Welcome and about Rachel


Thank you for taking the time to visit my website. You can also follow me on twitter: @racheljoyce

About Rachel

Rachel is a doctor and a policy and operational expert on the NHS, public health and social care. She was one of the first (possibly the first) in the country to publicly argue for the integration of the NHS with social care. At the time she first argued for this change public health was part of the NHS so this would have included this too. She still feels very strongly that a full integration of the NHS and social care would not only be much better for patients, but it would also avoid duplication and gaps in services, thereby being more cost-effective. She also believes that if the health and social care workforce were integrated this could, with proper policies and training programmes, create a more flexible workforce and give a better career structure to both social care staff, helping the burning problem of staff retention in the UK.

Rachel first qualified as a doctor more than thirty years ago and has worked almost continuously for the NHS since then – first as a junior doctor, next a GP. She went on to study further and became a Director of Public Health. She now works as both a Medical Director, responsible for clinical transformation and redesign across a large health system, and also as a Clinical and Professional Director (covering both health and social care). Her passion is in working with other doctors, nurses and social care staff to improve services and to integrate health and social care.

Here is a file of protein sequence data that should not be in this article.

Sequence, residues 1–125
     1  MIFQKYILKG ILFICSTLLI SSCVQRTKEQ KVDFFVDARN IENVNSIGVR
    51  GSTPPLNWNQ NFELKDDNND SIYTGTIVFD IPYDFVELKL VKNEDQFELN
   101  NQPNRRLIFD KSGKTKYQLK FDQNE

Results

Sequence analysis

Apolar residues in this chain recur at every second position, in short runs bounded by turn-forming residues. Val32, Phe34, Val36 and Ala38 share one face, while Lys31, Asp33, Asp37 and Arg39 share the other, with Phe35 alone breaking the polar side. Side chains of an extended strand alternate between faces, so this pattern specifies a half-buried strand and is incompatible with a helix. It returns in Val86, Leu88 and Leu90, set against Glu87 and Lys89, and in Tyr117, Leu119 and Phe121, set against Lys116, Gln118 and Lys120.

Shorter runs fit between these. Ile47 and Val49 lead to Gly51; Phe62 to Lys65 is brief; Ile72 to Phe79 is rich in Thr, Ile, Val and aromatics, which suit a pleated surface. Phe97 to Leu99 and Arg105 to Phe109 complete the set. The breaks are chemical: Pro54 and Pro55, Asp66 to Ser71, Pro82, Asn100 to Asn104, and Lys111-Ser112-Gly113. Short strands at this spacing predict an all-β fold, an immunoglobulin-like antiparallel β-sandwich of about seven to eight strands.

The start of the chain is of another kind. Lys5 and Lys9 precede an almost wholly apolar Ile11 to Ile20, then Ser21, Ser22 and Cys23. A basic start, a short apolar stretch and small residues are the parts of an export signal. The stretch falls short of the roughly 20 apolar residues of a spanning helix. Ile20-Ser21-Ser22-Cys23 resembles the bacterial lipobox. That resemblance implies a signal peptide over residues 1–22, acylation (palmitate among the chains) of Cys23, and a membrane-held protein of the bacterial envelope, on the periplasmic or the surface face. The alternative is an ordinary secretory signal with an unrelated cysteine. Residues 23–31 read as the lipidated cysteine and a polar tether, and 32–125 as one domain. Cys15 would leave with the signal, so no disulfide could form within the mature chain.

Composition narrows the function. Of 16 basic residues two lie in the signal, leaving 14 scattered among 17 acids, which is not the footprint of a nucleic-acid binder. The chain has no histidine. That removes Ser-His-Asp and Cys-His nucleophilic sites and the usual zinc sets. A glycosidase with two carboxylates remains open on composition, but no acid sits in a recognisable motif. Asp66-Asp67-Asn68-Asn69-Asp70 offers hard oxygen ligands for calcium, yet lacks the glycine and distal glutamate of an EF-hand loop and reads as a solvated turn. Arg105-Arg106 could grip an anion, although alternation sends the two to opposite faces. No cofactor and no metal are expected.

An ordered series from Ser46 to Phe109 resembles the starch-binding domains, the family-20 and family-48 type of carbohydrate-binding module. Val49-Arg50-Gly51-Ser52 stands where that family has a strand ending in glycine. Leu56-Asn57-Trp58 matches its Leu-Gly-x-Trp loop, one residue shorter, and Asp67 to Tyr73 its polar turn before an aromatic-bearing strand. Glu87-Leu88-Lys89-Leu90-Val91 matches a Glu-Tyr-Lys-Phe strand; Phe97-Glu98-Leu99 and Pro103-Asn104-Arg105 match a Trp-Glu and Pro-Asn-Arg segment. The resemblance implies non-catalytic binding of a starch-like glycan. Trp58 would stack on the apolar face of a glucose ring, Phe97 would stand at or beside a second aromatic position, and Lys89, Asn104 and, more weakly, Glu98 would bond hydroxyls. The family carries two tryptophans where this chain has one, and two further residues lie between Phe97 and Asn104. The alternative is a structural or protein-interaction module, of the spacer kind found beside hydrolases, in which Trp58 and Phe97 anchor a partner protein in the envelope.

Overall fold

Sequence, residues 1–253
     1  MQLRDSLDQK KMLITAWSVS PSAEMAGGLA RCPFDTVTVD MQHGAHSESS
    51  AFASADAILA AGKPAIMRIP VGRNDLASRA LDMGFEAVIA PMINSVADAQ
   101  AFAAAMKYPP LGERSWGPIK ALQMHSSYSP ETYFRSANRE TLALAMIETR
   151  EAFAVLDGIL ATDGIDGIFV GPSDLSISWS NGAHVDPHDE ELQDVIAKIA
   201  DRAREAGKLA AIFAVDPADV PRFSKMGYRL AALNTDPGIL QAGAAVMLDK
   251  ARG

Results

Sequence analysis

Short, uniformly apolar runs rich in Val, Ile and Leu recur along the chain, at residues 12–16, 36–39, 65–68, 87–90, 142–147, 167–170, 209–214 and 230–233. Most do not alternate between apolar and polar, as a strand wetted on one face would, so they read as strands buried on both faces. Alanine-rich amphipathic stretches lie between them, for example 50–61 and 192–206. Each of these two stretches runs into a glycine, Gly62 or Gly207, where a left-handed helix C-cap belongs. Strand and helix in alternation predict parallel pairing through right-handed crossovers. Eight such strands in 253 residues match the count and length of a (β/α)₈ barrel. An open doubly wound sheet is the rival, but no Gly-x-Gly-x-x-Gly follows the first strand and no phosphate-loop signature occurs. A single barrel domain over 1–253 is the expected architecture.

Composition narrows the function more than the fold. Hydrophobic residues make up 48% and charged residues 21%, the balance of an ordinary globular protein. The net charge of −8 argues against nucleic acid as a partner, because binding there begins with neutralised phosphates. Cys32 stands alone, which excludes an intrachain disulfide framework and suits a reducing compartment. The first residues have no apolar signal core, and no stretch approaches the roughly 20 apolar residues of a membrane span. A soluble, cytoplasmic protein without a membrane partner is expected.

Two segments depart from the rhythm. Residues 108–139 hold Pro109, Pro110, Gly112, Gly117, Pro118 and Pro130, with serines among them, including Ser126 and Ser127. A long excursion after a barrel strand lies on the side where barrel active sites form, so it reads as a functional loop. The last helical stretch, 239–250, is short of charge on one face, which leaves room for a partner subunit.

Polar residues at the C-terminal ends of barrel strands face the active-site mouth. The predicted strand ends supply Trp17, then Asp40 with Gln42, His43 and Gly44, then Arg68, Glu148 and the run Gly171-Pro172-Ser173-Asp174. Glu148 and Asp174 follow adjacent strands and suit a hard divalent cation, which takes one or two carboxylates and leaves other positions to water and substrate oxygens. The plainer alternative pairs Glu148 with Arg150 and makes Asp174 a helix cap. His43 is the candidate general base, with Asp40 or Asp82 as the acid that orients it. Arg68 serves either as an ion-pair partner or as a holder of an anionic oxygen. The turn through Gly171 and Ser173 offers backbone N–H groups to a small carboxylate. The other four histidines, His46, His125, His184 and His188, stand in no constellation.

She has worked in some of the most deprived areas in the country and has held board and executive level positions in organisations with budgets of £100 millions. She has been part of a team that turned around an organisation with a very large deficit and at the same time improved the quality of local NHS services. She has successfully worked to establish new heart attack and stroke centres in local hospitals and has turned around a many clinical services, improving outcomes for long term conditions, quality of life, reducing deaths in  hospital and increasing cancer survival. 

Rachel was also an adviser to the Shadow Secretary of State for Health, from 2007-10, advising on public health. The policy developed would have had a joint public health board across both the NHS and local government, enabling the integration of public health and would have embedded it into both the NHS and lcoal government. Unfortunately, when the coalition came to power the decision was made to transfer it entirely to local government. This has been positive in some ways, but it has again led to fragmentation of local government and NHS policy. Rachel was an envoy for the Faculty of Public Health and the profession during the listening “pause” during the Lansley reforms, and was able to discuss with the civil service better ways that Public Health England could straddle both the NHS and local government and other agencies.